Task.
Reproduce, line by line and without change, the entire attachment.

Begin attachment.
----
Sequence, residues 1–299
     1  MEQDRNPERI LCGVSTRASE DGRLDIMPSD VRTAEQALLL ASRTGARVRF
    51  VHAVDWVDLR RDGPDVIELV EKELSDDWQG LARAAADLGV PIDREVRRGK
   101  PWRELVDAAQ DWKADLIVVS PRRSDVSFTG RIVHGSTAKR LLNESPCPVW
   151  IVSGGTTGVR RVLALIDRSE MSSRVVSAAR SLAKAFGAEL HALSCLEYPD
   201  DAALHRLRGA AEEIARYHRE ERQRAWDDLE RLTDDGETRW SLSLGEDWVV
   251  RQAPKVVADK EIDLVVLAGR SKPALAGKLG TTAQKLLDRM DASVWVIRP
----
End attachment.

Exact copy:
Sequence, residues 1–299
     1  MEQDRNPERI LCGVSTRASE DGRLDIMPSD VRTAEQALLL ASRTGARVRF
    51  VHAVDWVDLR RDGPDVIELV EKELSDDWQG LARAAADLGV PIDREVRRGK
   101  PWRELVDAAQ DWKADLIVVS PRRSDVSFTG RIVHGSTAKR LLNESPCPVW
   151  IVSGGTTGVR RVLALIDRSE MSSRVVSAAR SLAKAFGAEL HALSCLEYPD
   201  DAALHRLRGA AEEIARYHRE ERQRAWDDLE RLTDDGETRW SLSLGEDWVV
   251  RQAPKVVADK EIDLVVLAGR SKPALAGKLG TTAQKLLDRM DASVWVIRP